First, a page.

The MK Group’s family of complementary solutions includes Trilogy and solutions for product data management (part, BOM, and engineering document control), advanced planning and scheduling, plant maintenance, sales tax, end user reporting, and OLAP (analytical processing/data warehousing). MK’s Straw said MK is creating additional strategic partnerships.

The MK Group is a relative newcomer to the complementary products
market. For the past few years long time third-party vendors and
consultants have been offering a growing menu of “shrink-wrapped”
solutions ranging from host-based programs designed to look like
another MANMAN command to client server systems. Pricing on
many of the solutions is often very reasonable. Some of the solutions
are designed specifically to work with MANMAN. In other cases,
vendors provide interfaces to products that were designed to service a
business need such as service and repair, product data management,
advanced MRP, or data warehousing.

In many cases the MANMAN interfaces are created and supported
by experienced MANMAN consultants. In some cases the question is
not only whether to integrate a third party solution into MANMAN,
but which competing pre-integrated solution to buy. All this
competition means that MANMAN customers have a choice between
applications, types of integration (“shrink-wrapped” or “roll your
own”), and solution providers.

MANMAN customers at the CAMUS conference commended MK
for today’s improved level of support, when compared to a few years
ago. Many speak positively of a sense of guarded confidence in the
middle-level managers who have been showing up at such user groups
all over the US. Available functionality, strong support, and customer
confidence are critical success factors for a software company. For
CA, known for its tight, centralized management style, the success
formula may be to leave well enough alone.

Cortlandt Wilson is a software consultant specializing in MANMAN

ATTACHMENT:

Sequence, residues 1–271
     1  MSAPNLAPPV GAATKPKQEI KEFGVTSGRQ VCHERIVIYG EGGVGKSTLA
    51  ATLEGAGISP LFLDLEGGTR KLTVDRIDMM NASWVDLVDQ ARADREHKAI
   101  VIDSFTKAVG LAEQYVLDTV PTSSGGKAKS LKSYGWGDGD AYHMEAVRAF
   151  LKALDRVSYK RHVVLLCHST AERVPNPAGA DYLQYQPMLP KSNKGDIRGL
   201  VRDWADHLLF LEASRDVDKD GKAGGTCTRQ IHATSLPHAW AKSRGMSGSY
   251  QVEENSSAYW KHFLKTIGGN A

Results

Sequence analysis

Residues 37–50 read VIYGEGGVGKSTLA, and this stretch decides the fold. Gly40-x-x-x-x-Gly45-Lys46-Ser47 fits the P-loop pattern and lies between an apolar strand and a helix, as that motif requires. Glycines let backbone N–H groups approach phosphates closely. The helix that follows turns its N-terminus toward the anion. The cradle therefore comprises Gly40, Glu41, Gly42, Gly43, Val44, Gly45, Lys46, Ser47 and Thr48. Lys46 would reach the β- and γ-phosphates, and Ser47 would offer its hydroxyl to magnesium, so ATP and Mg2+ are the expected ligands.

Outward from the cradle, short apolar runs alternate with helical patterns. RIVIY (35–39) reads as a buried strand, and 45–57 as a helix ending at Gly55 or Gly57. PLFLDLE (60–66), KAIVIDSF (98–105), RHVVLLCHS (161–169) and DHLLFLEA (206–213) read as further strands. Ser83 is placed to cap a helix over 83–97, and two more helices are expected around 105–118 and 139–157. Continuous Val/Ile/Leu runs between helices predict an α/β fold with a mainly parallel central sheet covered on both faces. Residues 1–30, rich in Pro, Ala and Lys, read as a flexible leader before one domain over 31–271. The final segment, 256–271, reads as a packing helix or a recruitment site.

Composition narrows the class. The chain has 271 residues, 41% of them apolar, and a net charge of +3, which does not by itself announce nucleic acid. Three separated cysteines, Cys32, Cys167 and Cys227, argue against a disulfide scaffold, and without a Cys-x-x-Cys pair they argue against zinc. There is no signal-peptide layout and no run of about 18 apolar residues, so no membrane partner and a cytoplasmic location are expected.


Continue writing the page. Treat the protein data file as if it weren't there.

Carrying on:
on the HP 3000, and the co-chair of INTEREX SIGConsult and
serves on the board of SIG MANMAN/Choices.


A Brief History of MANMAN, ASK, and Manufacturing Knowledge (MK Group)

Over the years MANMAN has experienced highs and lows. At once
time ASK was a media darling – a successful high-tech company
founded and run by a woman. The MANMAN product itself has a
good reputation in the mid-sized manufacturing systems market. The
company, however, unsuccessfully tried to follow up its success with a
“next generation” solution based on a new technology infrastructure.
When I was with ASK in the late 1980s on several occasions I heard
the president and co founder of ASK say that “we are an applications
company, not a software tool company.” Unfortunately, the
companies now on top of the ERP market all developed their own
technology infrastructure. The search for a new technology
infrastructure led ASK to purchase Ingres for its relational DBMS and

ASK finally purchased a infrastructure and the basic application
software for a ERP system from a then little-known Dutch company
named Baan. (Today Baan is one of the “big four” ERP vendors). As
part of the sales agreement ASK modified significant amounts of the
functionality and called the application MANMAN/X. Strained by
development costs and weak sales, the company floundered. By 1994
ASK was facing a severe cash crisis. Looking for a financial angel or
a buyer, the board of directors finally recommended a buyout offer
from Computer Associates. Many ASK employees, however,
responded as to a hostile takeover and resigned. Ironically, news of
Computer Associates offer to buy Computer Sciences Corporation
broke during the CAMUS conference. Industry analysts’ concerns
about CA’s “ferocious reputation” and the loss of experienced staff
mirror the ASK takeover. Many MANMAN customers expressed
skepticism about CA’s ability to maintain the product, and the quality
of support noticeably dropped. The rate of management turnover
became a common subject of black humor.

By 1996 CA concluded that application software and services
shouldn’t be managed like software tools and utilities. CA spun off its
manufacturing products into an independent business unit to be named
the MK Group (MK for Manufacturing Knowledge). MANMAN/X
was renamed MK to reflect its marketing role as the flagship product.
Independence seems to be working. In the MK Group’s keynote
address to the conference, MK’s general manager Kurt Seibert
pointed out that this is his third consecutive CAMUS event – and
asserted that the MK Group has begun to prove stable and is
responding better to customer needs.

– Cortlandt Wilson

Copyright 1998, The 3000 NewsWire. All rights reserved.
Copied by permission of publisher.